NZ scientists' discovery holds hope for people with brain disorders
Drs Tom Brittain and Joanna Skommer of the University of Auckland’s School of Biological Sciences, working in collaboration with Dr Subadhip Raychaudhuri at the University of California, Davis, have discovered that the protein neuroglobin may protect against diseases such as Alzheimer’s by preventing brain cells (neurons) from dying in response to physiological stress. This discovery opens new avenues for future therapeutic interventions in several neurological disorders.
Neuroglobin was first identified in 2000 by German scientists Thorsten Burmester of the Institute of Zoology, University of Hamburg and Thomas Hankeln of the Institute of Molecular Genetics, Johannes Gutenberg University of Mainz. It was found to be expressed mainly in the brain (hence neuroglobin). Until then, only two proteins from this globin protein family had been described, each of them important for regulating cellular oxygen. Since its discovery, scientists have learned that neuroglobin protects cells from damage caused by lack of oxygen (as in stroke) and amyloid toxicity (the toxic accumulation of the amyloid protein in the brain seen in Alzheimer’s disease). Exactly how neuroglobin saves cells from dying a natural death has, however, remained unclear until this latest study.
Neuroglobin occurs in various regions of the brain and at particularly high levels in neurons. Scientists had previously correlated low levels of neuroglobin in brain neurons with an increased risk of Alzheimer’s disease, and recent studies have hinted that neuroglobin protects cells by maintaining the function of mitochondria and controlling the levels of important chemicals within the cell. Mitochondria are the power generators of the cell that convert oxygen and nutrients into the energy ‘currency’ that power the cell’s metabolic activities – without proper mitochondrial function, cells simply cannot survive, and die very quickly. Each cell contains between hundreds and thousands of mitochondria. Cell death associated with mitochondrial dysfunction is common in neurodegenerative diseases such as Alzheimer’s and Huntington’s, and in acute neurological events such as stroke.
In Drs Brittain and Skommer’s study, a considerable effort was put into examining how neuroglobin functions in cells experiencing stress that leads to cell destruction (essentially mimicking local conditions in the brain after stroke and in Alzheimer’s disease). Their research found that neuroglobin preserves the functioning of a cell’s mitochondria by neutralising the molecule called cytochrome c that triggers the cell’s collapse. The scientists believe that the fundamental role of neuroglobin found in brain cells is to prevent accidental cell death from occurring due to physiological stress associated with normal cell function. Cells may even protect themselves from triggering the chain of events leading to cell death by expressing a high level of neuroglobin. In Alzheimer’s disease, it is hypothesised that amyloid protein accumulates in brain neurons and leads to the rupturing of mitochondria. As this rupturing occurs, the mitochondria produce the cytochrome c which attaches to other molecules within the cell and produces the apoptosome protein. This protein causes the cell to ‘suicide’ and is known as apoptosis. This type of cell death is common following stroke and in neurodegenerative diseases. In their study, Drs Brittain and Skommer developed predictions based on intensive computational modeling of cell death carried out in Dr Raychaudhuri’s laboratory. They then validated these predictions in cell culture experiments in their University of Auckland laboratory. They discovered that neuroglobin binds to cytochrome c and neutralises it, thereby preventing it from forming an apoptosome. Ultimately, this finding suggests that high neuroglobin levels may protect neurons against the effect of this protein by preventing apoptosomes from forming.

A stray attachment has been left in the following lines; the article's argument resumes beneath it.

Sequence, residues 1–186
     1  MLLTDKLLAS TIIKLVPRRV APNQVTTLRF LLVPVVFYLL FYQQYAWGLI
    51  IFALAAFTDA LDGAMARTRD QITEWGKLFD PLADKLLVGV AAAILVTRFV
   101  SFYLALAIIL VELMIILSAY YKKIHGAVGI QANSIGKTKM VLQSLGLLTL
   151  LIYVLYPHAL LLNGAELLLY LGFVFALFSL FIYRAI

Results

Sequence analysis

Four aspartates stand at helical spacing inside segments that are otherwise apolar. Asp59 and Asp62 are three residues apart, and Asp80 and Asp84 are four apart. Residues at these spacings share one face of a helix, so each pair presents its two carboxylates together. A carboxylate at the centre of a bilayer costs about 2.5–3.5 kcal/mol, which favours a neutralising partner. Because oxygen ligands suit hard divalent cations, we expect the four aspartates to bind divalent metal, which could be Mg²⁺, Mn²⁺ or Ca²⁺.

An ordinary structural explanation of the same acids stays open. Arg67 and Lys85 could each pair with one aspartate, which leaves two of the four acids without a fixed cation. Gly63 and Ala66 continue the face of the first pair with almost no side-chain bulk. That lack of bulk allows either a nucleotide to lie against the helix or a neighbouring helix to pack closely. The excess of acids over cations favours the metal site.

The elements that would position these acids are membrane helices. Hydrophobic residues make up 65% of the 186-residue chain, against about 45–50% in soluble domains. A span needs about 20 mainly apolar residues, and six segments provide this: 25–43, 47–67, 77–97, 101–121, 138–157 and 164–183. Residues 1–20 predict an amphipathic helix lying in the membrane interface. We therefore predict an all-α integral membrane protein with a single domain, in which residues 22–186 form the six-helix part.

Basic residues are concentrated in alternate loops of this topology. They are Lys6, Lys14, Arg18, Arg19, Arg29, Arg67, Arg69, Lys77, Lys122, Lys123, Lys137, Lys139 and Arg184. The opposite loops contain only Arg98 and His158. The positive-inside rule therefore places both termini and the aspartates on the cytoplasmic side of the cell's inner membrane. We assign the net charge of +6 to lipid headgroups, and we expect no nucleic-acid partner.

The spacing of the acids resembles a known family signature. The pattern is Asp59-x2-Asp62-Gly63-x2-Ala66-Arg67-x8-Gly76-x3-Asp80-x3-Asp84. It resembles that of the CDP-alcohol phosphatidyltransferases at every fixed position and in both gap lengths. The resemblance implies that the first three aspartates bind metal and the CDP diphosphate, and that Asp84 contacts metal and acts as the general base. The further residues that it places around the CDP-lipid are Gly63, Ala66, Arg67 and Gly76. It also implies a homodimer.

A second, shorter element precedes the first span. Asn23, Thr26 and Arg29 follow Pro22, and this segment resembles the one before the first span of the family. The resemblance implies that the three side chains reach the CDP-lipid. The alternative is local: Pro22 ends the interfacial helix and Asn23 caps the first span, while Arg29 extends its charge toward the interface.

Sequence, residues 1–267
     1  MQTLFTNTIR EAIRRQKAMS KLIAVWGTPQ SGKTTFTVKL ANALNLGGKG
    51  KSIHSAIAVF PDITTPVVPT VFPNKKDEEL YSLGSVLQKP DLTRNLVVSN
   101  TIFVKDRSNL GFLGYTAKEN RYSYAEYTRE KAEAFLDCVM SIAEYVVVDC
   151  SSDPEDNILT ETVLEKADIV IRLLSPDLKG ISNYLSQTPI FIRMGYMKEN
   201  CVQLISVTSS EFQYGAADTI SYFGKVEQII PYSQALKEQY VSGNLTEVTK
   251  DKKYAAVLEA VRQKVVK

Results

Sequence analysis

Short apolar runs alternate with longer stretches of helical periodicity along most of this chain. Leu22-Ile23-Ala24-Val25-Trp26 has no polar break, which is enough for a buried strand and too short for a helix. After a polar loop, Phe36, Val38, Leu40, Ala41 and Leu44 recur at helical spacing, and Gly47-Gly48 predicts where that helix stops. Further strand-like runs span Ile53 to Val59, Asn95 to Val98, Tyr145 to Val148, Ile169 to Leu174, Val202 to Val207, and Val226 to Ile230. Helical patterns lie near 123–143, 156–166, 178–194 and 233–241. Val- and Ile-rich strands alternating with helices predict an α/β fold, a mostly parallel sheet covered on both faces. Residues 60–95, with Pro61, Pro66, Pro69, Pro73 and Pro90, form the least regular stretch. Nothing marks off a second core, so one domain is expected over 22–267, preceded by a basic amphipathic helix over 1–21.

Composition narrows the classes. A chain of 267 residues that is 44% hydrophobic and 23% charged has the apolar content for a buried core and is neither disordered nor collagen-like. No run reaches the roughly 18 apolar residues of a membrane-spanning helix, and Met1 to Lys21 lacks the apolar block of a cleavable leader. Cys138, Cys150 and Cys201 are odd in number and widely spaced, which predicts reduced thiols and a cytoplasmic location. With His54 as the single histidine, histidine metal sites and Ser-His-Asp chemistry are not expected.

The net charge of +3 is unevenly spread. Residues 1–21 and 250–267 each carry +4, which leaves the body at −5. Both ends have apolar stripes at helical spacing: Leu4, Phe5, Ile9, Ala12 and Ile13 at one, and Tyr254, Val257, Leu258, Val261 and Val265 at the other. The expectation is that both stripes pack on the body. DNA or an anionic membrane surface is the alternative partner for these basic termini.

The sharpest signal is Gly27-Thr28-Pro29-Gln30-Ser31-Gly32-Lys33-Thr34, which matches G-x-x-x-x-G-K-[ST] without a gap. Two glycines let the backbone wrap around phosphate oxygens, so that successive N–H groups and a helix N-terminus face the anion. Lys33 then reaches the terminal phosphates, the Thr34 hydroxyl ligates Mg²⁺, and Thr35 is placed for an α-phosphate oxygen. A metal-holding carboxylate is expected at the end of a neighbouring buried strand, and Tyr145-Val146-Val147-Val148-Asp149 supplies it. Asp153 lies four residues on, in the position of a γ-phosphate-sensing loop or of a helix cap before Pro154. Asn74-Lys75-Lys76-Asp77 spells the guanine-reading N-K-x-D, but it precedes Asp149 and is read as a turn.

Dr Skommer says the team is very excited by their findings, and thrilled that because of the recent funding from the Neurological Foundation, the Auckland research team can continue to work with the University of California to progress this study. “Neuroglobin holds a great deal of potential for affecting the survival of nerve cells, and we are discovering some of the exciting molecular mechanisms underpinning this fundamental role, but there is still much, much more research work to do. The research we are working on now is designed to further develop our understanding of the relationship between neuroglobin and cytochrome c so we can determine potential methods for enhancing cell survival.” The research team will report on this latest study in 2011.
The scientists say that their discovery could lead to a treatment of a number of neurological conditions involving physiological cell death, including stroke and Alzheimer’s disease, but emphasise that the development of a drug to treat the neurological diseases associated with cell death will be an extensive and lengthy process.
The team, including Associate Professor Nigel Birch and PhD student Kristen Henty at the University of Auckland, published the results of their study in Apoptosis, an international, peer-reviewed journal that is devoted to the rapid publication of innovative, basic and clinically oriented investigations into programmed cell death.